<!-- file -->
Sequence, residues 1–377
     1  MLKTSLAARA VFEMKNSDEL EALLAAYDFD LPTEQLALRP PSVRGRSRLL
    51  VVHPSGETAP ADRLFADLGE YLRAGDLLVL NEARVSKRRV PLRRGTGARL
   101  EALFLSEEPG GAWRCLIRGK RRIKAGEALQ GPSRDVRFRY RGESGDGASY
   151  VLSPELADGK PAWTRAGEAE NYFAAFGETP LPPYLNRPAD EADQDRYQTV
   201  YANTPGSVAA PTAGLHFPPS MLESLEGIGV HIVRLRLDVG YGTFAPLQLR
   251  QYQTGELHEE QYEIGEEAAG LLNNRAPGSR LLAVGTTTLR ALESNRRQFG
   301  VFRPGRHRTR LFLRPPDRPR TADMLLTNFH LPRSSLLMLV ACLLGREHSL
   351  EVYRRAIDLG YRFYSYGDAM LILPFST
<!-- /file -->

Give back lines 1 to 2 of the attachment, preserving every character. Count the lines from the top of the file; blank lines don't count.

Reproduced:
Sequence, residues 1–377
     1  MLKTSLAARA VFEMKNSDEL EALLAAYDFD LPTEQLALRP PSVRGRSRLL